GROWING NOT BY TEACHING BUT BY SUPPLY
According to our natural concept, we cannot understand the growth in life. Today there are not many Christians who know what the growth in life is. Someone who is accustomed to losing his temper may one day be able to control his temper. This may or may not be the growth in life. The Bible has life, and it also has some amount of teaching. Without the teachings of Christianity for the past twenty centuries, the Western world might be barbaric. The Western world, from Europe to America, has received its proper teachings from Christianity. However, Christianity today has become a religion of teaching. When I was young, I heard an American pastor say that Christianity is the same as Confucianism. According to him, Confucius taught that we should honor our parents, and the Bible says the same thing. Ethically speaking, the Bible does appear to be the same as the teachings of Confucius, and to some extent it may not even appear to be as high. The Bible teaches submission, but Confucius taught threefold submission. He taught that a girl in her father’s house should submit herself to her father; when she marries, she should submit herself to her husband; and when her husband dies, she must submit herself to her son.
The Bible does not annul the teaching of submission. Rather, it supports it very much. Without the father, husband, or son as God’s deputy authority, the human race would become as the beasts. There could be no proper marriage life, family, or nation—only anarchy. However, the growth in life is not by teaching but by supply. As we have seen, to plant is not to teach, and to water is not to instruct. Planting and watering have nothing to do with knowledge but rather are a matter of supply.
GROWING BY BEING GRAFTED
As men we were the wild olive tree (Rom. 11:17). How could we become the cultivated olive tree (v. 24)? To be cultivated does not merely mean to be educated or regulated. It mainly means to be nourished and fed. The wild olive tree can become cultivated only by being grafted. To carry out the grafting, the first thing needed is cutting. Grafting depends upon cutting both trees, the wild tree and the cultivated tree. The branch of the wild tree must be cut off, and an opening must be cut in the cultivated tree. Then the wild branch is put into the cultivated tree. They touch each other, and the wild branch receives the rich life-juice of the cultivated tree, that is, it eats, absorbs, and receives the riches of the cultivated tree. All the riches of the cultivated tree are digested and assimilated by the grafted branch. The wild branch retains the rich juice, and the rich juice eventually becomes the very grafted branch.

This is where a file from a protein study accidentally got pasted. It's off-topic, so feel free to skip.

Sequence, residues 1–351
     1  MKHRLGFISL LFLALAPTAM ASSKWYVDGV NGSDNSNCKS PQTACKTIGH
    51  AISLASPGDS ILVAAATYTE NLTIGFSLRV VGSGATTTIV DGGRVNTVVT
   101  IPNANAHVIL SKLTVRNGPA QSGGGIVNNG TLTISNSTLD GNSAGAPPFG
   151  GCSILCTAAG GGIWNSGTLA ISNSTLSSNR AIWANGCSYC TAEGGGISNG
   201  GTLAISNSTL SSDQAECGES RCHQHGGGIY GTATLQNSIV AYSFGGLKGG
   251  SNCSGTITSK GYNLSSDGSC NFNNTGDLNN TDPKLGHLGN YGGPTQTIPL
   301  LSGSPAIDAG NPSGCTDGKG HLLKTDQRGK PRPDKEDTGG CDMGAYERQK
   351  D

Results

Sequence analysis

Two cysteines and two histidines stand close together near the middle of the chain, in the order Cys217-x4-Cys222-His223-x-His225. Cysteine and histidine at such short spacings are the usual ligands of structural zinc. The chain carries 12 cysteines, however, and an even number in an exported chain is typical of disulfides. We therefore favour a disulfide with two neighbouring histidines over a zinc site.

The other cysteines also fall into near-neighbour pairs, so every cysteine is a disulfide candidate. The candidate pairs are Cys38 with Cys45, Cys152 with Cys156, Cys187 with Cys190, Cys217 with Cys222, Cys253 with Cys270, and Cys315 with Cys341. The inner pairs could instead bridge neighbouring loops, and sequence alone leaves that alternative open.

This is a good picture showing us how to grow. First, we must be cut off from the old, wild, uncultivated tree of Adam. This is the meaning of baptism. To be baptized is to be cut off from the Adamic race and to be put into death. This was what John the Baptist did. When some repented, he did not teach them. Rather, he cut them off and put them into death by putting them into the water.
Second, we must believe. To believe is to put the branch which has been cut off into Christ as the cultivated tree full of rich life-juice. After we are put into Him, we then remain in Him (John 15:4). As those who are no longer merely the uncultivated branches but the branches grafted into the cultivated tree, Christ, we should remain there to receive, absorb, assimilate, and retain the rich life-juice of Christ in our being. In this way we will surely grow in life. We will grow with the growth of the tree, which is Christ, the embodiment of God.
According to Colossians 2:19, we, holding the Head, grow with the growth of God. The King James Version translates the last part of this verse as “increaseth with the increase of God.” To grow is to increase. At first a tree may have only ten branches. The tree is real, yet it is not increasing. When the other branches from the wild tree are grafted into this cultivated tree, it increases from ten branches to one hundred branches. These one hundred branches are the increase of the tree. In this way all the grafted branches grow with the growth of the cultivated tree. This is the way we grow with the growth of God.
When I first saw the last phrase of Colossians 2:19 translated as “grows with the growth of God,” I asked myself whether God grows. God is eternal. How could the eternal God grow or increase? In God Himself there is no need of increase. He is complete, perfect, and eternal. However, God needs to grow in us. When God grows in us, we grow in His growth. If God does not have a way to grow in us, we can never grow.
(The Experience and Growth in Life, Chapter 2, by Witness Lee)